Triarchic theory of intelligence: what is it?

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The traditional IQ test only measures analytical skills, but the triarchic theory of intelligence adds creative and practical intelligences to estimate a person’s potential. Contextual intelligence, or practical intelligence, is the ability to apply knowledge to the real world. The experiential intelligence aspect bridges analytical and practical thinking, and creative intelligence is highly specialized. The theory has been criticized for excluding emotional intelligence.

The traditional intelligence quotient (IQ) test measures a subject’s analytical skills in areas such as logical reasoning and mathematical proficiency. While the resulting IQ score is often the benchmark for assessing an individual’s intelligence, only a fraction of a person’s true functionality can be predicted from this number. The triarchic theory of intelligence addresses this deficit by adding creative and practical intelligences to estimate an individual’s actual potential.

For some, the aspect of the triarchic theory of intelligence that is most likely to measure success in life is contextual intelligence. Often called practical intelligence or common sense, contextual intelligence is the acquisition of information and skills needed during an individual’s daily life. In short, it is a person’s ability to apply their knowledge to the real world. Individuals with “street smarts” are often highly intelligent in context.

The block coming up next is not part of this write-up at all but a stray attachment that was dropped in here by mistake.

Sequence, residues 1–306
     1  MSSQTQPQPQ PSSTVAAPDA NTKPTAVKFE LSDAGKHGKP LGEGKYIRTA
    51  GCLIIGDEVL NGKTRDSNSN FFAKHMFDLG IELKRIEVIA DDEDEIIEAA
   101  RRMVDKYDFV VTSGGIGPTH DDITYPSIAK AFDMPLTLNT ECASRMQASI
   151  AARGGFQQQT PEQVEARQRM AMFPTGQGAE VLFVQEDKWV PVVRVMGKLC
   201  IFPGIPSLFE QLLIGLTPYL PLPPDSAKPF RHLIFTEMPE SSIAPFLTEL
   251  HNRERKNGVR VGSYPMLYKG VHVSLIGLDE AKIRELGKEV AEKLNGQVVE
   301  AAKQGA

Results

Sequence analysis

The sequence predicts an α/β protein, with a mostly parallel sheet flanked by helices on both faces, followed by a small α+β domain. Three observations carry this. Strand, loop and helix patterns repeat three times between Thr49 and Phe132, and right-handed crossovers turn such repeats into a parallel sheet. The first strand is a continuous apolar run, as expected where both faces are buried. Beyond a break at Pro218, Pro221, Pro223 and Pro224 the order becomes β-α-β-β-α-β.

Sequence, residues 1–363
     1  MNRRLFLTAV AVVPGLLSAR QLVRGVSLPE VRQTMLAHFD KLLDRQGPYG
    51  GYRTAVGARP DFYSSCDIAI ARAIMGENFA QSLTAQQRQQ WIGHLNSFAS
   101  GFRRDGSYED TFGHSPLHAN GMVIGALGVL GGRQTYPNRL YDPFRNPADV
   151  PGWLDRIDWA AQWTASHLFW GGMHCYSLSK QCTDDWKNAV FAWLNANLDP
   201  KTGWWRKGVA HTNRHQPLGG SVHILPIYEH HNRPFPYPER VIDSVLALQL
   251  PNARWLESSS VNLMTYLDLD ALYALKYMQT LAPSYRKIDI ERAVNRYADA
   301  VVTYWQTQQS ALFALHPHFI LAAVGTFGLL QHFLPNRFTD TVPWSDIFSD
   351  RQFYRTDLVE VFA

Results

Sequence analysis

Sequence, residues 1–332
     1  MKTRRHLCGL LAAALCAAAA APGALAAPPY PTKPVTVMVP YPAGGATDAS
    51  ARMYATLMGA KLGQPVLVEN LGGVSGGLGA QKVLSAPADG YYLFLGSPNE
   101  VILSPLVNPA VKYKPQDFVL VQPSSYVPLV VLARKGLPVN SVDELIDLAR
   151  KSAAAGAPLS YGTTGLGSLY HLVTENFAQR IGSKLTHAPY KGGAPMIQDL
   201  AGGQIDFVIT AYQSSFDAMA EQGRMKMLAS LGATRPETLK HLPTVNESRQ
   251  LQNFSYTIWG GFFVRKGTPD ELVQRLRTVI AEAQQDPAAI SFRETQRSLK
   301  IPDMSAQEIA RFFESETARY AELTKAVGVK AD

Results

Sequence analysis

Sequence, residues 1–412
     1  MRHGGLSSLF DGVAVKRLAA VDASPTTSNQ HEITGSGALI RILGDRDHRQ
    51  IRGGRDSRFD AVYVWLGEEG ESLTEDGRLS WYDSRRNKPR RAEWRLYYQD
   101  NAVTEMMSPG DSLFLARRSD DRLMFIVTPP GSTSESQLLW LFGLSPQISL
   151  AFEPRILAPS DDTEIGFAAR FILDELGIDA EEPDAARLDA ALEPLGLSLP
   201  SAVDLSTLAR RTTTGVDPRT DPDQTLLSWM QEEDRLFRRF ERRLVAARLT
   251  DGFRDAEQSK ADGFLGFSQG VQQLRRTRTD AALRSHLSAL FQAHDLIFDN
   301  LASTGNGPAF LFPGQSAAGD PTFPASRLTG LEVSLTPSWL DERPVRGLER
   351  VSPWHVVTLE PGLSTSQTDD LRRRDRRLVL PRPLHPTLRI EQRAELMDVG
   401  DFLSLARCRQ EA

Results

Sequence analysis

By the standards of the triarchic theory of intelligence, a meteorology professor who doesn’t carry an umbrella on a rainy day would likely have an above-average IQ but lack practical intelligence. The professor is likely to be able to analyze atmospheric conditions, then logically reason that precipitation is likely. However, by not taking an umbrella, he would show an inability to apply his knowledge of him sensibly.

The experiential intelligence aspect of the triarchic theory of intelligence can be seen as the bridge between analytical and practical thinking. Creativity allows an individual to take acquired information and bend it to adapt to new situations. Thus, people with high creative intelligence are often very adaptive and forward-thinking. These individuals are often found in industries such as music, advertising and journalism.

Creative intelligence tends to be highly specialized and can often be related to other aspects of triarchic theory. Writers, for example, tend to have high creativity as well as high scores on the verbal portions of analytical intelligence tests. Conversely, inventors are often both experientially and practically gifted. It is theorized that the presence of creative intelligence may explain the emergence of savantism within groups of individuals who have been labeled as severely intellectually and functionally impaired.

The triarchic theory of intelligence has come under very rigorous scrutiny. In many psychology communities, creativity is considered a personality trait rather than an intellectual process and a practical aptitude or adaptive ability. Even among its supporters, some think the theory is limited by the exclusion of the emotional intelligence quotient.

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